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    Zosimus. Friderich Sylburg, editor. Johannis Lencavius, translator.Notes by Christopher Cellarius. [Greek Title:] ...Historia Nova... Zeitz: Johann Bielcke, 1679. Krown & Spellman retail: $500. First separate edition.

    8vo. *-2 *8, 3*4, A-2X8. [38], 670, [34]p. Contemporary vellum, minor inner margin wormhole in first gathering small burn hole in frontis., paper lightly toned. Engraved extra t.p., t.p. in red and black. Bi-Lingual text: Latin & Greek. From the Krown & Spellman Collection.

    More Information:

    Zosimus ( fl. 490s-510s) was a Byzantine historian, who lived in Constantinople during the reign of the Byzantine Emperor Anastasius I (491-518).


    Zosimus' Historia Nova, "New History", is written in Greek in six books. For the period from 238 to 270, he apparently uses Dexippus; for the period from 270 to 404, Eunapius; and after 407, Olympiodorus. His slavish dependence upon his sources is made clear by the change in tone and style between the Eunapian and Olympiodoran sections, and by the muddled gap left in between them. In the Eunapian section, for example, he is pessimistic, vague, and critical of Stilicho; in the Olympiodoran section, he offers precise figures and transliterations from the Latin, and favors Stilicho. The work breaks off abruptly in the summer of 410 at the beginning of book 6. The first book sketches briefly the history of the early Roman emperors from Augustus to Diocletian (305); the second, third and fourth deal more fully with the period from the accession of Constantius Chlorus and Galerius to the death of Theodosius I; the fifth and sixth, the most useful for historians, cover the period between 395 and 410, when Priscus Attalus was deposed. For this period, he is the most important surviving non-ecclesiastical source. The work, which is apparently unfinished, is believed to have been written in 498-518. The style is characterized by Photius as concise, clear and pure; other historians have judged his accounts confused or muddled, and valuable only because he preserves information from lost histories. The historian's object was to account for the decline of the Roman Empire from the pagan point of view. Zosimus is the only non-Christian source for much of what he reports. [wkp]. "The first separate edition; it recommends itself by a partial correction of the text, by a division into chapters, and by a good selection of the earlier notes." [Ebert]      Hoffmann III, 829. Schweiger 349. Graesse VI, 519. Potthast 1126. Clarke 343. Ebert 24268. Engelmann 268.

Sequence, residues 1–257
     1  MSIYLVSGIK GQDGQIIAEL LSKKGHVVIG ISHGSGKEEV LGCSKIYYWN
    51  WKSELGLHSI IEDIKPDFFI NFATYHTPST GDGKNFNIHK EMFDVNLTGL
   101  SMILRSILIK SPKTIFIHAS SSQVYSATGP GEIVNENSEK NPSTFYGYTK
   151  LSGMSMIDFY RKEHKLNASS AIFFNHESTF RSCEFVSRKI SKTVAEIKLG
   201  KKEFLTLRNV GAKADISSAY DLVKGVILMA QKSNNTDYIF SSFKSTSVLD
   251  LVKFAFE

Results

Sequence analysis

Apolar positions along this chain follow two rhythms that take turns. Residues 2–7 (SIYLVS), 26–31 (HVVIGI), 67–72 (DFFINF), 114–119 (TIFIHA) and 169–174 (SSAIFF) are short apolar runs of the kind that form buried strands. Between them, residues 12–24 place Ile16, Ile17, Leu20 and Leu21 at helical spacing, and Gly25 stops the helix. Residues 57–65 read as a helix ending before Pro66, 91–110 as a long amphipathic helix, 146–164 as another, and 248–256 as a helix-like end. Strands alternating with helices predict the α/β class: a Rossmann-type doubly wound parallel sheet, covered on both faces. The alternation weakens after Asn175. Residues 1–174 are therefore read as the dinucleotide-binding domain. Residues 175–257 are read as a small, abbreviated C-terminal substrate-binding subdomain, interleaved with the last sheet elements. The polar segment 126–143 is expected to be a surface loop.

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    Auction Dates
    February, 2015
    26th Thursday
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